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Swansea Bay mental health service praised for significant improvements

SPECIALIST mental health support for young people in Swansea Bay has improved considerably from the “appalling” state it used to be in, according to a councillor.

Cllr Mary Jones spoke at the end of a presentation about child and adolescent mental health services, often referred to CAMHS, which helps young people aged up to 18 who have mild to moderate mental health issues relating to things like mood, anxiety, eating disorders, or potential psychosis.

CAMHS used to be provided by Cwm Taf University Health Board but has been run by Swansea Bay University Health Board since last April. Lead nurse Claire Norman gave an update to a Swansea Council scrutiny panel on the service’s progress.

Cllr Jones is not a panel member but listened to the presentation as she had led a previous CAMHS review, although it wasn’t clear how long ago it took place. “This is a different service to what we had,” she said. “It was appalling. We had parents and young people coming to our meeting and they were begging for help – and it was years [they were waiting], not months. So congratulations on all that work.”

Swansea Bay CAMHS serves Swansea and Neath Port Talbot and has a base in both counties. Staff also go out to visit families. Young people can be referred to the service by doctors, social workers, education psychologists and school counsellors. Referrals rose by 23% between 2019-22 among 11-18-year-olds but fell by 17% for children aged under 10.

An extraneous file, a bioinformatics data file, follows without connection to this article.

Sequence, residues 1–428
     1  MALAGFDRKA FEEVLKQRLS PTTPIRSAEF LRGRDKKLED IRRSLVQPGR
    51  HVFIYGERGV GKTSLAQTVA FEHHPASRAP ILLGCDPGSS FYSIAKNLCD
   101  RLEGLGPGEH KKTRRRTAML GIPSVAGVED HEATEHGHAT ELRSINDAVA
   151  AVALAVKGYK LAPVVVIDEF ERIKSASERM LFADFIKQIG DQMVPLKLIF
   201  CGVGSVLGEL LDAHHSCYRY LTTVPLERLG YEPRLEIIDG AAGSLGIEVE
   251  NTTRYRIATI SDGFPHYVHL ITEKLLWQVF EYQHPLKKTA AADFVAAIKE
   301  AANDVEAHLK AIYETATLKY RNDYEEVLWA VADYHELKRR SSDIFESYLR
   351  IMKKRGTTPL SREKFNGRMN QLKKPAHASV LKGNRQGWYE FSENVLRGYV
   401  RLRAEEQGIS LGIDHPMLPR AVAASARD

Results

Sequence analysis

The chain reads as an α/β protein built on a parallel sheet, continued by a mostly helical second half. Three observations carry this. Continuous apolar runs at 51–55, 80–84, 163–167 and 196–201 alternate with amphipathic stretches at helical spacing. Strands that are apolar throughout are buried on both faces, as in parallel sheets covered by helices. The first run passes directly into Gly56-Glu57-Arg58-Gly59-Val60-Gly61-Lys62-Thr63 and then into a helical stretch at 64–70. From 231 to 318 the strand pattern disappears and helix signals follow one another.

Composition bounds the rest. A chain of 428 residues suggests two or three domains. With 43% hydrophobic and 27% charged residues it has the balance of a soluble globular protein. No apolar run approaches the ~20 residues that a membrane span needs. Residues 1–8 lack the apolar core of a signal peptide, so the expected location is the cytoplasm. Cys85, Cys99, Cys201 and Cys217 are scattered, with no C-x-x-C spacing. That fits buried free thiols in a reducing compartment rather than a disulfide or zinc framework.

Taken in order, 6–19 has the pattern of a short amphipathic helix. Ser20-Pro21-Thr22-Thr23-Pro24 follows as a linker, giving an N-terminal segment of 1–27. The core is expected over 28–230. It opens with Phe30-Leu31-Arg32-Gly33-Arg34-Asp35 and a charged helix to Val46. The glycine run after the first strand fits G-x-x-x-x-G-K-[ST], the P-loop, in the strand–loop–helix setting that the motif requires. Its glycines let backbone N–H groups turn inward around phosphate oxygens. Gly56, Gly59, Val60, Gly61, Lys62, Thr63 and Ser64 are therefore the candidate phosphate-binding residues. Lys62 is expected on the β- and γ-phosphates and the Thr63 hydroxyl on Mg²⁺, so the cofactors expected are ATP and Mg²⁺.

Ms Norman said this fall among under-10s was positive but added: “Evidence is showing that there is a deterioration in young people’s mental health across the UK.” She said some young people were particularly unwell when the Covid pandemic came to an end.

Ms Norman said agency nurses had been recruited to help assess young people in need of CAMHS and that many more of these young people were being assessed within a 28-day target period than last year. She said around 100 young people were currently waiting to be assessed.

Ms Norman added that 60 to 70 young people with more entrenched mental health issues were receiving a more comprehensive package of care and support.

A mental well-being website called Kooth was set by CAMHS during Covid but new funding sources will be needed for it to continue in 2024-25.

Cllr Jones said CAMHS support worked for young people. “I have heard very good things about it,” she said.